I have read before that we are a product of the five people we spend the most time with. If you are hanging around with moaning, negative people, you will become more like them. This is because your subconscious mind is trying to help you fit in.
Give yourself credit
We are great at saying thank you to other people but when was the last time you praised yourself. When something goes well, give yourself a proverbial pat on the back and enjoy your success. By emphasising your capabilities, you will find it easier to have a positive view of the world.
Keep practising to create the habit
The more you practise challenging your thought patterns, the more habitual it will become. Don’t expect major changes in thinking right away. It will take time for new ways of thinking to become ingrained.
Affirmations are positive, present tense, possible and personal statements. Saying them out loud many times each day can help to reprogram your mind for positive thinking.
Try affirmations like:
o I see the positive in every situation
o There are solutions available in every aspect of my life
o I deserve success
Book to see a hypnotherapist
Have you developed a negative thinking pattern over many years?
Are you finding it tricky to shift?
A few sessions of hypnotherapy can help.
Hypnotherapy is an efficient way to let go of old thinking patterns and create new, positive ones. Contact me or book your complimentary discovery session here to find out how I can help.
Developing a habit of positive thinking will help to open up your mind to creative solutions. But changing habits does not happen overnight. Be persistent and don’t try to change everything at once. Make small changes in your habits over time. You will then notice more happiness, optimism and creativity in your life.
In this blog, I share my top tips to stop worrying and feel less stressed. When you find a way that works for you to stop worrying and feel less stressed, you can improve your life.
We are all working and living under increasing pressure. Life is fast paced and not showing any signs of slowing down. On a day-to-day basis we have so much to think about and so much to do.
The pressures of the moment are enough to make us feel stressed.
The Problem with Worrying
The problem with worrying is that it adds pressure to your already busy life but it’s all in your head. Whilst you are trying to focus on the task in hand, your mind is galloping off into future doom and gloom.
This adds another layer of pressure in your life. Left unchecked, worrying can become extreme and lead to anxiety and stress-related illness. Worrying has no benefits to you or your mental well-being. It increases your stress levels but also stops you from enjoying what is happening right now.
Worrying can occur when you are already stressed out and overwhelmed. But it can be so out of control that you even worry when there is nothing to worry about. This takes away present joy. Like sitting on a beach whilst worrying about a meeting you are attending in 2 weeks time. Sometimes it is exhausting.
What is worrying?
Worrying is a habitual thought pattern. It is the path your mind takes you on when you think about the future. Most of us have an occasional worrying thought. It’s what happens afterwards that can cause the problem. I know some people who can go from a worry about something small to death in destruction in a few minutes. The key to stop worrying and feel less stressed is to interrupt the habitual thought pattern. You can then work on your mind to reduce the number and frequency of those worrying thoughts.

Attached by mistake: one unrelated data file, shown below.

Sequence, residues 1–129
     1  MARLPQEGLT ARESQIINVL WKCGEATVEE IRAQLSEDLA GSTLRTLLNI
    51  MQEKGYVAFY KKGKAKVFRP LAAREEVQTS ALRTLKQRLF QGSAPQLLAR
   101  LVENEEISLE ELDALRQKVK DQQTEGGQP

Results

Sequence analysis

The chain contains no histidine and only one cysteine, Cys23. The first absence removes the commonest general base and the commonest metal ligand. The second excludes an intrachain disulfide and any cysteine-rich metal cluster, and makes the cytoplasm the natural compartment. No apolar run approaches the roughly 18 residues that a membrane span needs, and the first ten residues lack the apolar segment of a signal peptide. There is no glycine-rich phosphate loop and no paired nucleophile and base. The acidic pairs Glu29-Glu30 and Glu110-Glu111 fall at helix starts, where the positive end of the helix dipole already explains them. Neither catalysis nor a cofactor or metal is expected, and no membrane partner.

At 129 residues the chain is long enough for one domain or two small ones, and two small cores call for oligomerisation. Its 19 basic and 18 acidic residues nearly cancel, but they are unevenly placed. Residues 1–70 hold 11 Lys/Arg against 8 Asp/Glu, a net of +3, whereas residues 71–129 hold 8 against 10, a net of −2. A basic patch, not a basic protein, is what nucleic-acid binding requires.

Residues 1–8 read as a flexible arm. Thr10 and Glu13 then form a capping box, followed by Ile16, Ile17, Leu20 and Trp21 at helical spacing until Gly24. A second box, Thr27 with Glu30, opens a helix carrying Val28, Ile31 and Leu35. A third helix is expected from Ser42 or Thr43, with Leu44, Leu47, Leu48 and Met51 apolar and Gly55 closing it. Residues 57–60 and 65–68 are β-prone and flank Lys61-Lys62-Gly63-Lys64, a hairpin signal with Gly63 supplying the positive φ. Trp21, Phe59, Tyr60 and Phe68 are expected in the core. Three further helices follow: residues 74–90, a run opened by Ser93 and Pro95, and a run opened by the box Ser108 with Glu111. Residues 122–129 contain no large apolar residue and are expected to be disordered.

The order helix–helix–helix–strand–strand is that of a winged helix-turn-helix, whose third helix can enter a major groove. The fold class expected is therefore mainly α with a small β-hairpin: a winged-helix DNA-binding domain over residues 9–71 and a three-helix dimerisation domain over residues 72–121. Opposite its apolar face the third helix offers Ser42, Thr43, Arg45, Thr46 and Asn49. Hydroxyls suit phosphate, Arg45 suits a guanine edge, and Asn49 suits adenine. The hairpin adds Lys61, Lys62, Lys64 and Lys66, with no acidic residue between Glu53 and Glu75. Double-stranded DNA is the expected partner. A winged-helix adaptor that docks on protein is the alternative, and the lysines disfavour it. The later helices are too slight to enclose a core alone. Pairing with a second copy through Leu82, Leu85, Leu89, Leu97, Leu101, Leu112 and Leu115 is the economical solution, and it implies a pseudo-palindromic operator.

Top Tips to Stop Worrying and Feel Less Stressed
Ways to Interrupt Thinking Patterns
Techniques to use in the moment when you notice that first negative, worrying thought.
Let Go Breathing
Breathe in through your nose and think ‘let’. Blow out through your mouth (like blowing out through a straw) and think, ‘go’. Keep repeating the cycle until you feel the worrying thought has gone.
Visualise a big, red stop sign in your head, think ‘stop’ and feel the sense of your thinking grinding to a halt. Keep repeating until you feel calm.
Ask yourself, ‘Have I done everything I can do?’ and ‘Is there anything else I can do?’. If there is action you can take to reduce the worry, then do it or write it down.
A 5-10-minute chat with someone you trust could help you reduce the worrying thoughts. Make sure it is someone upbeat and positive and not someone who will join you on the route to doom and gloom.
Decide that you are going to worry about that thing later. Jot your worry down and then decide that you will worry at 6pm this evening for example (not too close to bedtime). Then limit the amount of time you spend on the worrying.
Long -Term Practices to Reduce Worrying
Your daily habits define who you become. If you adopt some new habits in the care of your mind, you can make a difference to how you feel day-to-day.
Use a journal or fill a worry jar with bits of paper with your worries written on. There is something about writing things down which can help you release them. Once you see your worries on paper you will find it easier to see how little they make sense.
If you are the kind of person who picks up on what is going on around you then try to stay away from the news and social media. Unfollow the negative people who always share the latest bad news. Leave those groups who are stuck in the rut of sharing all that is wrong in the world. Avoid the news, particularly as a start or end to your day. If your brain is already wired for negativity, don’t feed it any more evidence that the world is a terrible place.
Getting moving helps reduce worrying. It helps your body produce vital happiness hormones like serotonin. Regular exercise will help you stop worrying and feel less stressed.